Residents urged to check for lead


Save keas from being poisoned by lead, the Kea Conservation Trust says.

A new trust campaign is asking locals to inspect buildings for lead elements including nail heads and flashings.

Trust chairwoman Tamsin Orr-Walker said although the use of lead in new construction was outlawed in the 1990s, buildings – including private homes, cribs, high country huts, and farm buildings – could still have lead on their roofs and flashings.

Ms Orr-Walker said keas picked at the lead, which tasted good to them.

“When it oxidises it is quite sweet, and it is highly malleable, so they can manipulate it really easily, which keas love.”

Keas swallowed the pieces they picked off, which then leached into their body, causing brain damage, organ failure and death, she said.

The trust hoped to encourage local communities to take a moment to look around areas close to kea habitats and get in touch when they saw places that might contain lead.

There had been sightings of kea at sites including Mount Aspiring National Park, Treble Cone, and Makarora, Ms Orr-Walker said.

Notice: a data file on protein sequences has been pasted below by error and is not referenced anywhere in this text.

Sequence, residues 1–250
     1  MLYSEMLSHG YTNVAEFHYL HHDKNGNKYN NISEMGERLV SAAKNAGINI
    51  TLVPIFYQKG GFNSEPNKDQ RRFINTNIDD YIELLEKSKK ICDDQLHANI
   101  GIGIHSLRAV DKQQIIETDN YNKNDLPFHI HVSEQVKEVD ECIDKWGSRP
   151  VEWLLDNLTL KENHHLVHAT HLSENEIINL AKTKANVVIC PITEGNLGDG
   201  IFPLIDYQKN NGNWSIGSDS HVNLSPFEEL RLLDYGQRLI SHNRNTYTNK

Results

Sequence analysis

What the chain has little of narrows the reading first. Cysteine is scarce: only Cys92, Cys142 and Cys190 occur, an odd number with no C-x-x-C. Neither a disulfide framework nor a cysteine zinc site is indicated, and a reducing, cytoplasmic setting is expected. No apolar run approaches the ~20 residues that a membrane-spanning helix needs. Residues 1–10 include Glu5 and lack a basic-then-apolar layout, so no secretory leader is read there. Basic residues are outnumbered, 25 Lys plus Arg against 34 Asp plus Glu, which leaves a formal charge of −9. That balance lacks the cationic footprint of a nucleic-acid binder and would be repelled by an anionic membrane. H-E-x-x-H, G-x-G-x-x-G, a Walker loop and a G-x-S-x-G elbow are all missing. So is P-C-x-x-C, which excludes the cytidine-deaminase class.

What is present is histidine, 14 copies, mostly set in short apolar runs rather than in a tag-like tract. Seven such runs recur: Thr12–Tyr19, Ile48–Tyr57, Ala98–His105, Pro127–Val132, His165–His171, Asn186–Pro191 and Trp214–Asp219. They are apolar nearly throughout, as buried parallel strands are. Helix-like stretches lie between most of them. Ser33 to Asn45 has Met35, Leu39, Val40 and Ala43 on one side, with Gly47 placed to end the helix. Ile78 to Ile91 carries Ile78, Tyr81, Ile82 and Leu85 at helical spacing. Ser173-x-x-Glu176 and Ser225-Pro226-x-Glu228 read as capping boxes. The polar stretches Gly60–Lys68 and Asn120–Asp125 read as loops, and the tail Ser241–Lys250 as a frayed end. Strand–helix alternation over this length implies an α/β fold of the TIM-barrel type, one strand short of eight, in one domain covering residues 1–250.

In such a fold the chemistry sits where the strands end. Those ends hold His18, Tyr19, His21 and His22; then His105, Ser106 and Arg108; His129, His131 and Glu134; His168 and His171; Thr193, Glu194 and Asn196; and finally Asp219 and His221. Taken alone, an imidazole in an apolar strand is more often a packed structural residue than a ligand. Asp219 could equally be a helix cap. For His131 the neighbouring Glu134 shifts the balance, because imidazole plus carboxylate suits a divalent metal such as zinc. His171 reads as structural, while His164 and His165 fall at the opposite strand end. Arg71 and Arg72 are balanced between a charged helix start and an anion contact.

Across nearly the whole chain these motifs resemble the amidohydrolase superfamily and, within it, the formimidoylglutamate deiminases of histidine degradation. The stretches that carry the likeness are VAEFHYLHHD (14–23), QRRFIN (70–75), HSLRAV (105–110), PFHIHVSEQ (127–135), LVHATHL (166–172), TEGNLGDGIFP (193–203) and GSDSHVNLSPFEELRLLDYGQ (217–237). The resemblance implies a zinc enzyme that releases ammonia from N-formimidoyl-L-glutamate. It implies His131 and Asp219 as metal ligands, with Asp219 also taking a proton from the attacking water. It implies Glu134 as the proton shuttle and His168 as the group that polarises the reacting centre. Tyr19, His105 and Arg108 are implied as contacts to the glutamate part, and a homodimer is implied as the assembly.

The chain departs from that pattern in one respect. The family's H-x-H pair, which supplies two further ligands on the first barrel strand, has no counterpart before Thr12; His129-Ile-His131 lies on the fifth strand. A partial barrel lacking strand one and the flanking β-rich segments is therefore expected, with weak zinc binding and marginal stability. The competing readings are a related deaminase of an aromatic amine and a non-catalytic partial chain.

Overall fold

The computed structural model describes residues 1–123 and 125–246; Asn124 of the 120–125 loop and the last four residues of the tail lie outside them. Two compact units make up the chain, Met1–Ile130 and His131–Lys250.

“A lot of communities where houses or cribs were built prior to the 1990s will all have lead in them – they might have lead flashings on roofs or lead nail heads, so we are really keen for people to look at their own properties.”

The trust was also asking people to come forward if they could help with providing new roofing materials or installation, Ms Orr-Walker said.

“What we are looking at doing is to get other people within the community to help out.

“In the Arthurs Pass area, for instance, they are starting work on a lead removal initiative, and we have seed-funded that – we put in $5000 that came from one of our donors.”

The trust had also found a local roofing company which had donated flashings.

“So we are hoping that it will really become a community effort to help people remove it.”

Lead wheel weights and lead shot were also an issue, Ms Orr-Walker said.

“A lot of our bird species have been known to pick up lead.”

Lead-poisoned kea could be treated by a vet, so the trust encouraged people to come forward if they found a sick kea, she said.

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